Losing 70+ pounds over a year
A framework for thinking about fat loss
Growing up, I never thought I’d be the one giving fitness advice to anyone. I do not remember a point in my life when I wasn’t overweight— I would usually be the last person picked for team sports, have made excuses to drop out of activities like skydiving or swimming, and in general, was desperate to reduce my bodyfat for many years before I found out what worked for me. I wrote this little piece for those in the same boat as I was a year ago. I am a 26 year old male living in San Francisco who went from 242 lbs, 32.8 BMI to 168 lbs, 22.8 BMI over ~12 months by bringing together weightlifting, running, and the slow-carb diet. But this is not a post about the specifics of these — instead, I want to share the deeper lessons that, in retrospect, actually made these work.
I. The Ridiculously Easy Keystone Habit: Start Lifting
Losing weight is a confluence of a number of habit changes. You have to realize that although your entire lifestyle has to change, you cannot do it all in one go. It may take many months of experimentation for you to find your rhythm and get settled into your new lifestyle. But it all starts with picking up a ridiculously easy keystone habit.
By focusing on one pattern — what is known as a “keystone habit” — you can teach yourself how to reprogram the other routines in your life, as well.
—Charles Duhigg, The Power of Habit
These habits that are more powerful than others, called keystone habits, start a cascade effect on everything else on your life. Picking up some form of exercise is usually the most oft-cited example — as soon as you start exercising, you automatically want to eat better, sleep better, and in general take care of yourself.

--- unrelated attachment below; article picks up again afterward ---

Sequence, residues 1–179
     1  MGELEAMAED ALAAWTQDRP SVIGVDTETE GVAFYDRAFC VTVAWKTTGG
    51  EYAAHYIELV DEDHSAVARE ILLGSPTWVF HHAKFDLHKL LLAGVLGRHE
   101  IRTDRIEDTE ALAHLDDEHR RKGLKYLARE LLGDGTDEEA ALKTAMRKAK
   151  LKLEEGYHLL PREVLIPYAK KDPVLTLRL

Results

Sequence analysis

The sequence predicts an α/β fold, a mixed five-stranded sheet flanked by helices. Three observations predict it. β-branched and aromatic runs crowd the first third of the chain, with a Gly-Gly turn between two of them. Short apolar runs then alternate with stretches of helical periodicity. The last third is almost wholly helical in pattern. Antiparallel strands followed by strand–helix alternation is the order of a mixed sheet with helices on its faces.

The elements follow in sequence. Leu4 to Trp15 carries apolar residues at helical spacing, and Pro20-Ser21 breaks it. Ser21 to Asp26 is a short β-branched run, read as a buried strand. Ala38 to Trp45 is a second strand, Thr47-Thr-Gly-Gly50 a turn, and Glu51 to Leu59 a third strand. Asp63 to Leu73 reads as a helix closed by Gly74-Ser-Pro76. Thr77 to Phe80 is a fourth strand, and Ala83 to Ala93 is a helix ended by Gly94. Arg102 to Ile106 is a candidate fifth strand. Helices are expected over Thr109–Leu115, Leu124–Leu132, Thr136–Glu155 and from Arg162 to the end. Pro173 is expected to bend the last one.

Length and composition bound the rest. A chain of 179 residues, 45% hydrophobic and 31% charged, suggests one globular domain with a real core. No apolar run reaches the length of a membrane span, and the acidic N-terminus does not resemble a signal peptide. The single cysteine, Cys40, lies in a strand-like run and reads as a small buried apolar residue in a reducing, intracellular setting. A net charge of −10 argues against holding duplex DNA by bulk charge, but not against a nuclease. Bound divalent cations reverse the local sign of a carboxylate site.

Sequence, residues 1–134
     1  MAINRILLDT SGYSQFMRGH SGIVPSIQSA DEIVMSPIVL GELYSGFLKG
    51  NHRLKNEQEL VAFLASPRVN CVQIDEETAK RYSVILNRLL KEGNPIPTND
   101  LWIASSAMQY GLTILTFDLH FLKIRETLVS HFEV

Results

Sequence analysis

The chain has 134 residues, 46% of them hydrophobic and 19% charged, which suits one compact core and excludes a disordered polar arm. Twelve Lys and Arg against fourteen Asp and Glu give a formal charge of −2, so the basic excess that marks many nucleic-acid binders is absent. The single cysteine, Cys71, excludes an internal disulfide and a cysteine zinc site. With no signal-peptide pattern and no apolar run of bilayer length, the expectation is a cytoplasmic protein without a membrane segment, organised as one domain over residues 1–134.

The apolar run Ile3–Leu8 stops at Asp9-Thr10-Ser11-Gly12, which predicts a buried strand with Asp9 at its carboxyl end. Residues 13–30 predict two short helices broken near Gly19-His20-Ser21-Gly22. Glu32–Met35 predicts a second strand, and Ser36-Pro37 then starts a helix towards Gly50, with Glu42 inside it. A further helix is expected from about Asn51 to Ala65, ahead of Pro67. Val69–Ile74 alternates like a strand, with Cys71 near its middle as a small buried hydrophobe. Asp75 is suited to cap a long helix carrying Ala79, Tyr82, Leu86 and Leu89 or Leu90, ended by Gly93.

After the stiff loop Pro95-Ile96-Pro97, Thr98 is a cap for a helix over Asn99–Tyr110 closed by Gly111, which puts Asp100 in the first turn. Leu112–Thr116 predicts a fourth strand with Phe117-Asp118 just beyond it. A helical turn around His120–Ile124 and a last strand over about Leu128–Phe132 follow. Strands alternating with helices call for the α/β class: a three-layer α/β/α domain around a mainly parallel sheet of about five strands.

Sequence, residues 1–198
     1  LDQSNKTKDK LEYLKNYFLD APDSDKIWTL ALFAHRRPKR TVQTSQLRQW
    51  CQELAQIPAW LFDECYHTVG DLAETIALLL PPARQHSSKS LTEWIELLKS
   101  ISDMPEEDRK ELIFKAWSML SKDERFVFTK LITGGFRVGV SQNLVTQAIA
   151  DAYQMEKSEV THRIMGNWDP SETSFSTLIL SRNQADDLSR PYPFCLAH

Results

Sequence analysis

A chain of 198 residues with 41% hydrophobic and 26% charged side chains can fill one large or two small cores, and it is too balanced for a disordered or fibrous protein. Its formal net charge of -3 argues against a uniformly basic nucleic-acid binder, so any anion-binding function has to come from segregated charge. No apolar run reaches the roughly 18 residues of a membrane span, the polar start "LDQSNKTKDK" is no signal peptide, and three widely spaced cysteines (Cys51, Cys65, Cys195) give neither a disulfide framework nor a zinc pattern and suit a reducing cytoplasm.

It helps if this keystone habit you pick up is so ridiculously easy that it’s almost too hard to come up with an excuse to not follow through. My ridiculously easy keystone habit was the Stronglifts’ 5x5 weight training workout.
In December 2015 (242 lbs), one of my really good friends introduced me to the 5x5 workout for weight training. It may sound pretty non-intuitive, but amongst any exercise regimens I’ve ever tried, this is the easiest to start off with — there are only 5 exercises you have to learn, you have to go to the gym 3 times a week for about 45 minutes, and you start off each exercise with an empty barbell (it’s ridiculously easy to start!). There’s a free app that tells you what to do next taking the thinking part out of it, and the comprehensive guides on Stronglifts.com help make sure you’re doing these exercises right.
One small note — everybody in the gym is there because they want to improve themselves, and everybody starts somewhere and is always looking up to the next version of themselves. It may be a little embarrassing to start squatting an empty barbell when there’s someone else doing the same with 300 lbs, but you really have to check your ego at the door when you enter the gym. Losing weight is an exercise in humility, and you’ll have to adopt a growth mindset and trust that given enough time, patience and consistency, you’ll get there as well.